– Kevin Le Gendre
Freddie Hubbard (t, flhn), Phil Ranelin (tb), Hedley Caliman, David Schnitter (ts), Billy Childs (p), Larry Klein (b), Eddie Marshall and Sinclair Lott (d). Rec. June and October 1980
With Lee Morgan long gone, Freddie Hubbard had nobody snapping at his heels, not even Miles who, a year after this 1980 date, told Hubbard to his face: “You may never realise it, but you are the baddest motherfucker on the planet right now.” Can’t argue with that. Taped a year earlier to the brace of ‘live’ albums Freddie recorded for Prestige at this very same venue, these previously unreleased great sounding performances find the hero of the hour and his band really piling on the pressure.
Hubbard always surrounded himself with the best available talent and there are no slackers in this extremely capable crew. Leading from the front with his familiar ‘The Intrepid Fox’, Fast Freddie meshes with Phil Ranelin (trombone) and David Schnitter – who alternates on tenor sax with Hadley Caliman – to concoct a fat, brassy post-Messengers sound full of natural dynamics, bright ideas, and, above all, genuine excitement. With diamond cut precision, they attack a programme mainly comprised of five Hubbard originals (that include ‘First Light’ ‘One Of Another Kind,’ ‘Blues For Duane’ etc) plus a spirited stab at ‘Trane’s ‘Giant Steps’. Switching, mid-session, to flugelhorn for Michel Legrand’s ‘The Summer Knows,’ the other horns drop out leaving Freddie and pianist Billy Childs to further impress. I can’t recommend this album more highly, save to say that three decades on the incandescence flame from these recordings still burns brightly.
– Roy Carr
Herbie Hancock (kys), Harvey Mason (d), Paul Jackson (el b), Benny Maupin (ts, b clt) and Bill Summers (perc). Rec. 1973
This reissue might seem superfluous given the fact that every self-respecting home should surely already have a copy of Headhunters. And yet even for the most diehard Hancock fan who has heard the opening Moog bass tumble of ‘Chameleon’ a thousand times before, there is still something thrilling, if not joyous, about listening to the same notes wheel into action for the one thousand and first time, simply because the piece arguably represents in earnest the birth of jazz-funk as opposed to jazz-rock.The remaining three tracks, ‘Sly’, ‘Watermelon Man’ and ‘Vein Melter’ are similarly rich in creative substance, above all in the way that they slide so seamlessly into Afro-Latin rhythms from a point of departure in the blues.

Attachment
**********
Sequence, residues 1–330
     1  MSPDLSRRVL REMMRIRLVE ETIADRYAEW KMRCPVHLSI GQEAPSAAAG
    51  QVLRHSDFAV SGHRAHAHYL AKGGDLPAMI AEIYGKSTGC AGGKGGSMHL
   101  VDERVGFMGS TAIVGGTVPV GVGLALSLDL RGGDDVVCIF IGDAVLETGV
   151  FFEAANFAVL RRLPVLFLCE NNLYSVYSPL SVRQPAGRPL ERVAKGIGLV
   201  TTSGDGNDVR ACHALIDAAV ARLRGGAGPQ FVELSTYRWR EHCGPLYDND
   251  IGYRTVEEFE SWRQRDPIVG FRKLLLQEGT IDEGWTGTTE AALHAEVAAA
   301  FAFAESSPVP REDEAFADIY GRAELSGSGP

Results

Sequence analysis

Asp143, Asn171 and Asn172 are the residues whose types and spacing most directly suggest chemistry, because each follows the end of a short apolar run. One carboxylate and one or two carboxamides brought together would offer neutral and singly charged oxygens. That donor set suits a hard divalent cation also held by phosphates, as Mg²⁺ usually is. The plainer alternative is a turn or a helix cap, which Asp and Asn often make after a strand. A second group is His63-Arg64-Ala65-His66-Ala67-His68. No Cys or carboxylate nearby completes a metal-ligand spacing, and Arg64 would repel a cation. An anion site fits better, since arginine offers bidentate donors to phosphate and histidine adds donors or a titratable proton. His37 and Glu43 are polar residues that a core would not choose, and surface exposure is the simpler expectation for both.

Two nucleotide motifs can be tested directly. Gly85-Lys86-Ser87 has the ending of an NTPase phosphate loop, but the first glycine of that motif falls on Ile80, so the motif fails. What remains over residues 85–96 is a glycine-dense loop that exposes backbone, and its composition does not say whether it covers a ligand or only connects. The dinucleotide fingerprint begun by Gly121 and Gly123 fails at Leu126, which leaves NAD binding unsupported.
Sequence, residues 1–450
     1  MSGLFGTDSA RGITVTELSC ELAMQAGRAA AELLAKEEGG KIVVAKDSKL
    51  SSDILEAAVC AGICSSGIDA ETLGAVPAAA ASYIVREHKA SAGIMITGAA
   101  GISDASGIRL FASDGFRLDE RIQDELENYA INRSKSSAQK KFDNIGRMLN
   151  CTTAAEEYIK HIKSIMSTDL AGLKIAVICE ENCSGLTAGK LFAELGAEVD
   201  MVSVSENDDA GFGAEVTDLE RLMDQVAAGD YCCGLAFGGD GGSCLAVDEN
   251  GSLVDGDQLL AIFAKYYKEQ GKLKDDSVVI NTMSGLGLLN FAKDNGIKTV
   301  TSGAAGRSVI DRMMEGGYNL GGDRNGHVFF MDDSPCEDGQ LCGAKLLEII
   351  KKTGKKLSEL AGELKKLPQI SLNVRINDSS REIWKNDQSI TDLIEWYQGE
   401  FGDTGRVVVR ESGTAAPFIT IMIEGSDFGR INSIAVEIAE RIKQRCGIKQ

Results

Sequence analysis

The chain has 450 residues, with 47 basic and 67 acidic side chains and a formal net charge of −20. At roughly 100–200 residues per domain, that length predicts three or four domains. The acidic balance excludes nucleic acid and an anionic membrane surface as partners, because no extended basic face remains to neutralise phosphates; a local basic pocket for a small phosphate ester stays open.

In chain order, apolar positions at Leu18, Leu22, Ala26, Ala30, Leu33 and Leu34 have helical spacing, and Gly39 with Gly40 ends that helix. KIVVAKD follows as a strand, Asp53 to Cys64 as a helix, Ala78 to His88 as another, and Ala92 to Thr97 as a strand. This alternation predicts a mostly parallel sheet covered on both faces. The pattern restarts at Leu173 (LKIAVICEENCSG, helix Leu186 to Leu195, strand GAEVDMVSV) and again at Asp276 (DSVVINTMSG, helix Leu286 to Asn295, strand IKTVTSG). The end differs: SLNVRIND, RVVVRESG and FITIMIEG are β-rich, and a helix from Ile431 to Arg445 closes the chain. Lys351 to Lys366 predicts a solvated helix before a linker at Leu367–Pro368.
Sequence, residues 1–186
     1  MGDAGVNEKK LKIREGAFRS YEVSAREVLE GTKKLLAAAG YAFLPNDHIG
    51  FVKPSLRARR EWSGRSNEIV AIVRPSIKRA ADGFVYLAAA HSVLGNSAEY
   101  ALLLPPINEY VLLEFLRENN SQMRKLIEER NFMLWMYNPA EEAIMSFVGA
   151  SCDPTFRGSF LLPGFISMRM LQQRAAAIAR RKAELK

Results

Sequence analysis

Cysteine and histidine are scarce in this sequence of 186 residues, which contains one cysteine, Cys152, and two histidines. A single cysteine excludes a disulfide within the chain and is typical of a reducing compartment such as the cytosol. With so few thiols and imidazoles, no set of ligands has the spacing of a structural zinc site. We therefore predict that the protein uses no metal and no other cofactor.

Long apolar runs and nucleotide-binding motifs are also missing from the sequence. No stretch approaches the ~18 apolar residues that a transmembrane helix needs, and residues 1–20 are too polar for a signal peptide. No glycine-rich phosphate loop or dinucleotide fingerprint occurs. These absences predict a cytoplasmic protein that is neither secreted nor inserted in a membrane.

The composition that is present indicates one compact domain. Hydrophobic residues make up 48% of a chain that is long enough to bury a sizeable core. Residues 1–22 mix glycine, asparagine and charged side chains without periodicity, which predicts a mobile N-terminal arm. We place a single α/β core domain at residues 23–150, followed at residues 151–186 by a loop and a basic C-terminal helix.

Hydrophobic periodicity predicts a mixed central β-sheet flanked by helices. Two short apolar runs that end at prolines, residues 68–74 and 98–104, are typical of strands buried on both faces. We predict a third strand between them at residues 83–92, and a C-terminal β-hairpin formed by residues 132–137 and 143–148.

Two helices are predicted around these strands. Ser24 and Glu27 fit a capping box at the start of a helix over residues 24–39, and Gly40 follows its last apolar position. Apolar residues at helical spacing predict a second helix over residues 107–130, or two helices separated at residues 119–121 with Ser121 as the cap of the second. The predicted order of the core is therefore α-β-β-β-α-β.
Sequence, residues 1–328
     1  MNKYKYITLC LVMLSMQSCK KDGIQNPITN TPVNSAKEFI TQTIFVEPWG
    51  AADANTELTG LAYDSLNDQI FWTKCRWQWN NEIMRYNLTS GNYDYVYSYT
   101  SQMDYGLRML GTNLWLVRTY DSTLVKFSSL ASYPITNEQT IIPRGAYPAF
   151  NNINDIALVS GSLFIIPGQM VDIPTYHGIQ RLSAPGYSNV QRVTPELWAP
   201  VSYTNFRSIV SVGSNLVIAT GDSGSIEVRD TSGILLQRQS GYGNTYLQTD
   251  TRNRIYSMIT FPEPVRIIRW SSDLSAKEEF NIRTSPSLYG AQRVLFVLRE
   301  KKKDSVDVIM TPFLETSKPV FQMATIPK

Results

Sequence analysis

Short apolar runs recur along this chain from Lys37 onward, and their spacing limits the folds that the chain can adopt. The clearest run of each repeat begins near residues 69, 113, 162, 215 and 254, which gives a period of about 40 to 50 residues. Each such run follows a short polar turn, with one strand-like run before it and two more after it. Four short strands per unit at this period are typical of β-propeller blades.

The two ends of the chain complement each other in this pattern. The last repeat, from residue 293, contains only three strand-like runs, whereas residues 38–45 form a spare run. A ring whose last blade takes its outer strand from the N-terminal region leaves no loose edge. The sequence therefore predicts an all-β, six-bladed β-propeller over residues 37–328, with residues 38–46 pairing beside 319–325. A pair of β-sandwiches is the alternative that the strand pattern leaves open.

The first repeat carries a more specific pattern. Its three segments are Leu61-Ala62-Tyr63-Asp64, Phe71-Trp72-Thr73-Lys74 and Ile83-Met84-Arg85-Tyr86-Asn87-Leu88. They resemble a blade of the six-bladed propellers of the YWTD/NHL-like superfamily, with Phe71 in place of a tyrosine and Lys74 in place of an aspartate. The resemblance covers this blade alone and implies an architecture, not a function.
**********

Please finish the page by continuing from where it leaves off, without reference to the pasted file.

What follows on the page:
The influence of soul iconoclasts Sly & The Family Stone, Stevie Wonder and Parliament is writ large on Herbie’s groove sensibilities as well as on his overall sonic trickery but at the core of everything is both an incredibly cohesive ensemble – the Harvey Mason-Paul Jackson drums-bass axis has a peerless telepathy – and a unique ability to make music whose accessibility does not preclude ambition. The result is black pop art of the highest order.
– Kevin Le Gendre
Miles Davis (t), Wayne Shorter (ts), Herbie Hancock (p), Ron Carter (b) and Tony Williams (d). Rec. 1965
Was this the apotheosis of jazz? The exaltation of jazz improvisation to such a divine level it has never been surpassed? Quite probably. On this album there are just four tracks, all recorded on the 22 December 1965. In the 1995 box set Miles Davis The Complete Live at the Plugged Nickel 1965 there are three CDs documenting the first, second and third sets from that evening, from which those the four tracks on this album – ‘If I Were a Bell’, ‘Stella by Starlight’, ‘Walkin’, and ‘Miles’ – where taken while there are four CDs from 23 December detailing four sets. Taken together, it s a remarkable body of music.
This album provides a window into those sessions and demonstrates how Davis had taken the conventions of improvising in time over cyclical chord progressions to such a level of sophistication, interaction, spontaneity and creativity it left him with nowhere else to go. Davis’ genius was of course to realise this and within 36 months he had launched out in a new direction entirely, leaving subsequent generations of musicians and fans to look on in awe and wonder at his towering achievement on those two nights in Chicago in December 1965.
– Stuart Nicholson